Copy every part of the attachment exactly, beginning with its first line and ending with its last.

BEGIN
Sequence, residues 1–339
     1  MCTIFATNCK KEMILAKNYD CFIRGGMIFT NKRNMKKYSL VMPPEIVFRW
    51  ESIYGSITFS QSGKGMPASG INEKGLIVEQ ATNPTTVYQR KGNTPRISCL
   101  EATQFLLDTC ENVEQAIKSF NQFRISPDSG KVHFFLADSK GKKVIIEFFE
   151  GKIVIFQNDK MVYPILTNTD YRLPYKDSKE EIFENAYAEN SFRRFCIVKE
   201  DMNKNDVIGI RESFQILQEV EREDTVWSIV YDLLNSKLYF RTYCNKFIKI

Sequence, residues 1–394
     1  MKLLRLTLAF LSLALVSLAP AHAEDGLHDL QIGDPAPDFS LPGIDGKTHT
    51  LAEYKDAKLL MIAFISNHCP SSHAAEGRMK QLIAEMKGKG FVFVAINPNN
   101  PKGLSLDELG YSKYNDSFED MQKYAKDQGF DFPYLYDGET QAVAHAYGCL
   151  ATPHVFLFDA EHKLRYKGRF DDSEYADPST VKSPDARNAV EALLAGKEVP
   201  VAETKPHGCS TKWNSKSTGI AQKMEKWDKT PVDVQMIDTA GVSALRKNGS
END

Sequence, residues 1–339
     1  MCTIFATNCK KEMILAKNYD CFIRGGMIFT NKRNMKKYSL VMPPEIVFRW
    51  ESIYGSITFS QSGKGMPASG INEKGLIVEQ ATNPTTVYQR KGNTPRISCL
   101  EATQFLLDTC ENVEQAIKSF NQFRISPDSG KVHFFLADSK GKKVIIEFFE
   151  GKIVIFQNDK MVYPILTNTD YRLPYKDSKE EIFENAYAEN SFRRFCIVKE
   201  DMNKNDVIGI RESFQILQEV EREDTVWSIV YDLLNSKLYF RTYCNKFIKI

Sequence, residues 1–394
     1  MKLLRLTLAF LSLALVSLAP AHAEDGLHDL QIGDPAPDFS LPGIDGKTHT
    51  LAEYKDAKLL MIAFISNHCP SSHAAEGRMK QLIAEMKGKG FVFVAINPNN
   101  PKGLSLDELG YSKYNDSFED MQKYAKDQGF DFPYLYDGET QAVAHAYGCL
   151  ATPHVFLFDA EHKLRYKGRF DDSEYADPST VKSPDARNAV EALLAGKEVP
   201  VAETKPHGCS TKWNSKSTGI AQKMEKWDKT PVDVQMIDTA GVSALRKNGS